One example of this is a workcell for producing drawers. Prior to reconfiguring production, drawer box parts would travel a total of 20.8 miles. Parts would criss-cross throughout the 1.2-million-square foot plant with components cut in one area, holes drilled in another, joints machined in still another area and finishing occurring far from where drawer components would be assembled.

All of this has changed. “We arranged the equipment into an optimal sequence and the drawer boxes are now produced on a just-in-time basis,” Chieffe says. “Now we build boxes with a minimal amount of handling.”

Perhaps the best example of KraftMaid’s drive toward JIT manufacturing is its Kitchen at a Time (Kaat) lines. On these lines, all cabinets for a specific kitchen order are built and loaded directly onto a truck for shipping. The first station builds the cabinet boxes using a case clamp that extends out to accommodate the needed cabinet size, then the two-person team secures it with a Senco pneumatic nailer and hotmelt adhesive applied with a Slautterback glue applicator system.

Farther down the line, assemblers add finished doors and drawers, hardware and other components which have been routed to their assembly station based on that day’s orders. By the time the cabinets reach the end of the, they are ready for immediate shipping.

Improving the Finish

The finishing department also demonstrates the benefits of lean manufacturing. Employee teams analyzed the individual finishing steps looking for ways to finish each part more quickly. One of their suggestions incorporated into the process reduces labor and improves the finish -- even before one coat of material is applied.

Prior to finishing, holes are bored into the components so they can be hung and carted through the finishing line. After finishing, these construction holes are used to place the PermaSet door bumpers or the fully concealed cup or knife hinges.

“We used to use staples so we could hang them,” Chieffe says. “We would then have to have people take the staples out. By changing how we do this, we have taken several people out of the process and we don’t do damage to the back of the door.”

Thinking outside the box, such as the simple production change away from staples, is consistent with KraftMaid’s goal to produce defect-free products in as few steps as possible. Another added improvement was to create production lines so that workers can easily learn how to run them.

KraftMaid finishes components at two plants. Plant 1, in Middlefield, finishes doors, drawer fronts and frames, while the plant in Orwell primarily finishes doors. Finishing operators would be equally at home in either plant because the finishing lines mirror each other in terms of look and setup. Each plant has a hanging line where equalizer, toner and stain is applied, and a flatline finishing line where sealer and topcoat are applied. Thus, employees can easily be deployed when and where they are needed.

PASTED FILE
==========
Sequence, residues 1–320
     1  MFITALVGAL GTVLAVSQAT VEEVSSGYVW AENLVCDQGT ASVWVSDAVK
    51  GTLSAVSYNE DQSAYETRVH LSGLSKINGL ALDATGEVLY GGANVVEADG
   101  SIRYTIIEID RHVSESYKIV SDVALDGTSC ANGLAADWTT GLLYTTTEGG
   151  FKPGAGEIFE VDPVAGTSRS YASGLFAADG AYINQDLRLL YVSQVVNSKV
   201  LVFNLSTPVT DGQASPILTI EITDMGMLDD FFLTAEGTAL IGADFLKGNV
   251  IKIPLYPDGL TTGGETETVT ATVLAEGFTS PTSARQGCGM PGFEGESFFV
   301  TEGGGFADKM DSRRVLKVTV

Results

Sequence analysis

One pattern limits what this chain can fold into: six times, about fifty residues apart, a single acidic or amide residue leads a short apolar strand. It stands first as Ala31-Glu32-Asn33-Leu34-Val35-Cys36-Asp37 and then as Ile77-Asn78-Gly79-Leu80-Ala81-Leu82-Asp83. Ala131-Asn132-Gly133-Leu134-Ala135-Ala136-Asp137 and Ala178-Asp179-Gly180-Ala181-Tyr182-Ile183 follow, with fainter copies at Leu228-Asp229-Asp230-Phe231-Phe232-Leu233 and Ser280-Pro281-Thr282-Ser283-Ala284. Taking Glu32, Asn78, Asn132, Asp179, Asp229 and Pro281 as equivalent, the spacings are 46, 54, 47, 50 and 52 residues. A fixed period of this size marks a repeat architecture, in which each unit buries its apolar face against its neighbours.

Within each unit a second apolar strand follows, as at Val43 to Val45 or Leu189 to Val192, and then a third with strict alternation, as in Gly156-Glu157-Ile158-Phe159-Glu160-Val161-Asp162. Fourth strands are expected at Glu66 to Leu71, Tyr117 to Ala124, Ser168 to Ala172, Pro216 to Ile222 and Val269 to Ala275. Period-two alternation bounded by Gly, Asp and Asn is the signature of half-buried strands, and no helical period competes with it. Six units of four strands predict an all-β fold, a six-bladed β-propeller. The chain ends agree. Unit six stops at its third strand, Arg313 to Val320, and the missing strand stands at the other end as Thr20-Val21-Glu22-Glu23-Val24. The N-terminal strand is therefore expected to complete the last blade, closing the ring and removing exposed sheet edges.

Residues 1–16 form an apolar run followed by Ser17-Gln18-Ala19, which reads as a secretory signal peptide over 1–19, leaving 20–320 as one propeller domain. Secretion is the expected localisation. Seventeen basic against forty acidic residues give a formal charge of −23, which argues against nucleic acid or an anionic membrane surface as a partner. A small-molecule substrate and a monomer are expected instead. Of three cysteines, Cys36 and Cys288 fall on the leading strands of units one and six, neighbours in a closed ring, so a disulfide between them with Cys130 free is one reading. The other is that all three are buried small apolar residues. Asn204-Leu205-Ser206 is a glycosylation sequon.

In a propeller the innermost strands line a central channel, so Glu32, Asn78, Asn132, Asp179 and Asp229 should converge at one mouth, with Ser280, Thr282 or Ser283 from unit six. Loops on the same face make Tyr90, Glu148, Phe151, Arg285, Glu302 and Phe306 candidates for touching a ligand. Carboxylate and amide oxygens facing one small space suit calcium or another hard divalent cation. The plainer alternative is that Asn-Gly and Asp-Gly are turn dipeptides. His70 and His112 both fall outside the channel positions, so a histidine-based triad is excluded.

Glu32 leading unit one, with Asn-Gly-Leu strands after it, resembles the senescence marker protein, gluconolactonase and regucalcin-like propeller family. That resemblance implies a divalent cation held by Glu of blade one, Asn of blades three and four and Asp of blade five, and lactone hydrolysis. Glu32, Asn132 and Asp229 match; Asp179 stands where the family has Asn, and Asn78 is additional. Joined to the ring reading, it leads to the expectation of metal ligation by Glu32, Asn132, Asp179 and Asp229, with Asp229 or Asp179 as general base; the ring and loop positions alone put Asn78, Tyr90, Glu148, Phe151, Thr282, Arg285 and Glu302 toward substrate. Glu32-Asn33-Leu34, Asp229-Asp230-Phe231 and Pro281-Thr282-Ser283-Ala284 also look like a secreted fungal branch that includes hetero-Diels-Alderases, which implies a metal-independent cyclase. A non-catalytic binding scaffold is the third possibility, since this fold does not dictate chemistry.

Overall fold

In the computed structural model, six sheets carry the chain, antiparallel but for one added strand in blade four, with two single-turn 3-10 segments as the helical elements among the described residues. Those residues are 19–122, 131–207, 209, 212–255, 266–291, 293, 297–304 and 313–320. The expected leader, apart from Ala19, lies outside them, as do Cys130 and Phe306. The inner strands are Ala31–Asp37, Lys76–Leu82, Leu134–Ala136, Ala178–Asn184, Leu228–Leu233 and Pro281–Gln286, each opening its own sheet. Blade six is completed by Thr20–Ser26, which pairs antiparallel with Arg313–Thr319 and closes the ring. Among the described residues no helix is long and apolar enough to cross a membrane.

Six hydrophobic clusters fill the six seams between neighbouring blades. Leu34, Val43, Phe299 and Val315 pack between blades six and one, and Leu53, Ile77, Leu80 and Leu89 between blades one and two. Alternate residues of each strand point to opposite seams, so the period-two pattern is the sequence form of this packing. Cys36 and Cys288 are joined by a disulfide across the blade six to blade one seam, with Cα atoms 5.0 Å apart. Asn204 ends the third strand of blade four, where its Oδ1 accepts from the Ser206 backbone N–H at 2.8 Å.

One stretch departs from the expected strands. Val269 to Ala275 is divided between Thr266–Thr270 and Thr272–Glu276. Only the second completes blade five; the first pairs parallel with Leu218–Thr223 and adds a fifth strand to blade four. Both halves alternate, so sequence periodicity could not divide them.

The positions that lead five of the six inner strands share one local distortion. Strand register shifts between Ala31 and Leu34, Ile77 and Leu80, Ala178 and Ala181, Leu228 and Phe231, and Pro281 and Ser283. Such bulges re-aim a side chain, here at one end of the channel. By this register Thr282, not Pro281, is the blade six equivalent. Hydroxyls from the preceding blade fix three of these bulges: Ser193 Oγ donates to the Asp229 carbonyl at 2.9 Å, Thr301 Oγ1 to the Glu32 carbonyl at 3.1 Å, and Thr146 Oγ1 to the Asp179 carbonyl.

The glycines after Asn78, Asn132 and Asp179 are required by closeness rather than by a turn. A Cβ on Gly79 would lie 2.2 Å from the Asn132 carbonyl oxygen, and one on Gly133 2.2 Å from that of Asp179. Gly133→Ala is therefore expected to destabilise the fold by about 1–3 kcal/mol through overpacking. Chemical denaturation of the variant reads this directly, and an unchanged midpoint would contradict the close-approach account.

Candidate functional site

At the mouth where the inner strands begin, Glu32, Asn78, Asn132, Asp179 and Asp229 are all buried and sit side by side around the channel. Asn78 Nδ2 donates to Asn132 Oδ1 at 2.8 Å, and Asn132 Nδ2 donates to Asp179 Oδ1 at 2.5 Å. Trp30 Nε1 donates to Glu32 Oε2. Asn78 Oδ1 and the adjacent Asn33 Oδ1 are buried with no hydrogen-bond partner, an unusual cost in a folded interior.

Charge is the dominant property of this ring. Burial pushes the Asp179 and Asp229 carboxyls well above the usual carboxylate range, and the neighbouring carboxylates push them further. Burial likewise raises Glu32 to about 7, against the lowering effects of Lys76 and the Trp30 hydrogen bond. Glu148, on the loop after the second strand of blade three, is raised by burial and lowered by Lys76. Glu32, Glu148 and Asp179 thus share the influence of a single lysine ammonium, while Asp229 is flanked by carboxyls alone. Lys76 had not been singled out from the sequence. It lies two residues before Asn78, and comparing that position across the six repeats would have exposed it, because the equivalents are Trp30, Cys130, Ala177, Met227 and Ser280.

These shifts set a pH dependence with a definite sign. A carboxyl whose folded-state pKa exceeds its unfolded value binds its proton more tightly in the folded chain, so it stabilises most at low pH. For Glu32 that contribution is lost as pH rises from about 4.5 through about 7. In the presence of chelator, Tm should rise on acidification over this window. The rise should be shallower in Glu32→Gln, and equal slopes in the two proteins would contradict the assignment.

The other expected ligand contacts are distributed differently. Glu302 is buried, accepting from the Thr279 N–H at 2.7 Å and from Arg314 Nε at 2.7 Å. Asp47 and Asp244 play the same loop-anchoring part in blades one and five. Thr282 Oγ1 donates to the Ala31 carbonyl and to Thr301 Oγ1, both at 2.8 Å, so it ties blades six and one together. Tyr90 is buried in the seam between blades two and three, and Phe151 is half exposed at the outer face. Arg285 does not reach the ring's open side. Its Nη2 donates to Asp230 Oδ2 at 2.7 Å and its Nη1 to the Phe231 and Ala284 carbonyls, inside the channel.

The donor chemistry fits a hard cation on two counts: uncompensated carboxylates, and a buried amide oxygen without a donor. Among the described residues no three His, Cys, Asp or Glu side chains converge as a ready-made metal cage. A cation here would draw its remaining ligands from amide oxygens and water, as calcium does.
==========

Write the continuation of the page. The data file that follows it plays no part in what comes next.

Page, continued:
KraftMaid offers 17 different finishes. Each part goes through at least a 14-step finishing process, with the exception of certain specialty glazed finishes that require additional steps.

Components first pass through a sanding process using various grit patterns. In between the sanders, the components are inspected and parts with defects are pulled off the line. If they are easily repaired, they are put back on-line. If not, they are scrapped. This is a very important step. According to lean manufacturing principles, defects should be found and fixed as soon as possible. The more value-added steps that the part goes through before flaws are found makes the part that much more expensive to produce and more time consuming to fix.

The components are then hung and go through a series of spray booths that will increase color consistency. After application of stain, the components are air dried for 20 to 25 minutes. A penetrating stain is spray applied, first to the front of the piece and then to its back, in back-to-back spray booths. Both sides are then hand wiped.

“Hand wiping minimizes the color variation on the front and back of the cabinet,” Chieffe says. “The wiping

pattern and what they wipe is preset beforehand.”

 

     
 
KraftMaid Cabinetry Gives Kids the World

KraftMaid Cabinetry has donated all the cabinets for 42 new villas at a Walt Disney Resort built for sick children and their families.

The Give Kids the World Village is a 51-acre resort near Walt Disney World in Orlando, FL, that every year houses more than 4,000 terminally ill children whose wish is to meet Mickey Mouse.

With the expansion, the resort can now accommodate up to 7,000 families each year.

Give Kids the World is a non-profit organization that since its founding in 1986 has hosted more than 35,000 families from all 50 states and more than 45 countries. The families are treated to a six-day vacation that includes complimentary accommodations, attraction tickets and meals.

A portion of the cabinetry donated was from KraftMaid’s Passport Series cabinetry line, a line that is wheelchair accessible for the physically challenged and certified for Universal Design.

 

After air drying, the components are moved to a Cefla finishing system from Stiles Machinery, where the sealer and the company’s DuraKraft catalyzed topcoats are applied. The finishing system features sensor spray guns that apply the DuraKraft topcoat.

Every door passes through the system four times, twice on each side. Curing is done in temperature-controlled ovens.

“Control of gradual temperatures changes help eliminate cracking of doors and frames in the long term,” Hargesheimer says.

Specialty finishes, including chocolate glaze, taupe glaze and frost glazes, are distressed prior to topcoating. This turns the 14-step finishing process into a 16-step process. These cabinets, which are some of Kraftmaid’s biggest sellers, are detailed with factory-applied wormholes, compression marks and oversanding.

“This way, no two are exactly alike,” Hargesheimer says.

After topcoated parts exit the final oven, a team of inspectors quality check each part. If a flaw is detected, the part is sent to the chipper -- once it has been cured with the topcoat, it cannot be fixed. A few parts in the chipper is a small price to pay if it prevents a cabinet with defects from finding its way into someone’s home, Chieffe says.

“We strive to keep each and every customer satisfied with their kitchen by having stringent quality control processes,” Chieffe says.

Editor’s Note: Learn more about KraftMaid Cabinetry, its products, and distribution at www.kraftmaid.com.